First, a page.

Seduced and Abandoned
August 18, 2006
The impetus for Pietro Germi’s 1964 film Seduced and Abandoned came from his outrage at an old Italian civil code that allowed a man to avoid prison for raping a woman if he married her. The woman is effectively punished twice: she’s been violated and then forced to marry the man who did it. As he did with his previous film, Divorce Italian Style (1962), Germi uses biting satire to criticize old customs that he felt were wrong and should be changed. The director felt that the code was, as quoted in the liner notes accompanying the DVD, “stupid and anachronistic. But what is more important is not so much the existence of the article but the fact that the majority of women would accept to get married.”
Peppino Califano (Puglisi) is engaged to Matilda Ascalone (Biggio) but he secretly lusts after her beautiful sister Agnese (Sandrelli). They end up having sex and ashamed of what she’s done, Agnese tearfully confesses to her local priest. Peppino, with his thin moustache and nicely groomed suit, is a smooth operator who has the whole family fooled. He is a cad, telling Matilda that he has to go home and study and instead spends the night listening to the radio while plotting how he can be alone with Agnese. Matilda’s father Vincenzo (Urzi) is a burly, overbearing man who is fiercely (some might say fanatically) protective of his daughters. At one point, he gives Matilda three minutes to say good-bye to her fiancé when he visits their house.
After Agnese’s mother finds a scrap of paper from a letter that she wrote alluding to her lust for Peppino, she tells her husband who freaks out and confronts his daughter. When she won’t tell him who it is, he has a mid-wife inspect all of his daughters and even has them take pregnancy tests. Agnese’s comes back positive and Vincenzo becomes obsessed with finding out who was responsible. He puts two and two together and figures out that it was Peppino. Forced with the prospect of having to marry Agnese, Peppino flees the town.
Germi populates his movie with oddball characters that are exaggerated for comedic effect. Baron Rizieri (Trieste) is about to hang himself in one scene when Vincenzo comes calling to see if he would be willing to marry Matilde. The Baron has wild hair, is missing a few teeth, and lives in a dump of a building. Apparently, he’s fallen on hard times and has sold almost everything his father left him. He also has a goofy laugh which Germi uses for maximum effect during the scene where the Baron has dinner with the Ascalone family.
The filmmaker zeroes in on and satirizes the lecherous nature of men. In one scene, three curvaceous women walk through the town and are shamelessly ogled and objectified by the men – even though they seem to enjoy the attention and encourage it. Seduced and Abandoned features absurd, at times, slapstick black comedy that Germi used so effectively in Divorce Italian Style. In one scene, Vincenzo rushes over to Peppino’s house to confront him and ends up smacking the man around (Peppino continually bumps into a piano creating oddly humourous discordant sounds) but is stopped by the parents. However, once they learn what their son did, they begin smacking him around!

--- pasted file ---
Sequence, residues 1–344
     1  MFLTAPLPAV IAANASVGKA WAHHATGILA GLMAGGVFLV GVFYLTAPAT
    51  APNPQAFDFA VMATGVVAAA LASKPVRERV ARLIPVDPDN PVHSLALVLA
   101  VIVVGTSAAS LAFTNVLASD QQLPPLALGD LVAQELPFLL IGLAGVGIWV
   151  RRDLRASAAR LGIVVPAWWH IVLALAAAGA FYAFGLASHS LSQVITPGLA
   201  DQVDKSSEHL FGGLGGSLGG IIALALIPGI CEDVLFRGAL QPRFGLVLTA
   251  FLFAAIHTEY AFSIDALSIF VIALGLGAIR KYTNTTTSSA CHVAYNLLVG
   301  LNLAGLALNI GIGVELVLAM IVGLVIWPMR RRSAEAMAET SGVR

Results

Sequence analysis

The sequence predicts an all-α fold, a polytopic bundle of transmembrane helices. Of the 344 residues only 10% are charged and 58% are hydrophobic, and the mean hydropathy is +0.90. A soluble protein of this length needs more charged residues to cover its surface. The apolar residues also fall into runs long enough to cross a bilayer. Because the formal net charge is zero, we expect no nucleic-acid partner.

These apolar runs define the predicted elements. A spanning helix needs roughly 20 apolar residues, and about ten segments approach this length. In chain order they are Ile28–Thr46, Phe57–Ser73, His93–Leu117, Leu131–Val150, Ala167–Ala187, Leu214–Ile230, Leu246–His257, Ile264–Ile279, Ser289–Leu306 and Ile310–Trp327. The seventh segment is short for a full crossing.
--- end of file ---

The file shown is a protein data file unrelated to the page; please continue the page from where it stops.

Ultimately, all Vincenzo’s concerned about is his family’s good name for he is obsessed with preserving its honour and having his daughter marry Peppino is the only way he can see of accomplishing this – short of killing the man (which he unsuccessfully tries to do). Seduced and Abandoned exaggerates this belief to show how it often unfairly punished the individual while also showing the destructive nature of gossip, rampant in small towns such as the one in the movie, and how it colours people’s opinions of others. It’s a message that is just as relevant today as it was back then.
“Commedia All’Italiana: Germi Style” features interviews with screenwriters Luciano Vincenzoni and Furio Scarpelli and film scholar Marlo Sesti as they talk about Germi’s style of Italian comedy and how he juxtaposed it with tragedy. They examine the genre and define its traits: the critique of social mores and customs and making scathing observations about Italian culture. They point out that the genre came out of and was a reaction to Italian Neorealism. This is a well done primer.
There is an interview with actress Stefania Sandrelli conducted in 2002. She talks about working with Germi on Seduced and Abandoned and mentions that he was always up front about what he wanted from her in the role. She had a great time making the movie and says that she laughed all the time. Also included is a screen test she did for the role. Sandrelli talks over the footage about the kind of direction Germi gave her.
Also included is an interview actor Lando Buzzanca also from 2002. Like Sandrelli, he talks about his experiences working with Germi and points out that the director had everyone do screen tests. He then used the footage in the movie! Buzzanca talks about his character and how his personality was shaped by being surrounded by women of the family. The actor tells some good anecdotes about Germi as well.
Finally, there is an exciting theatrical trailer.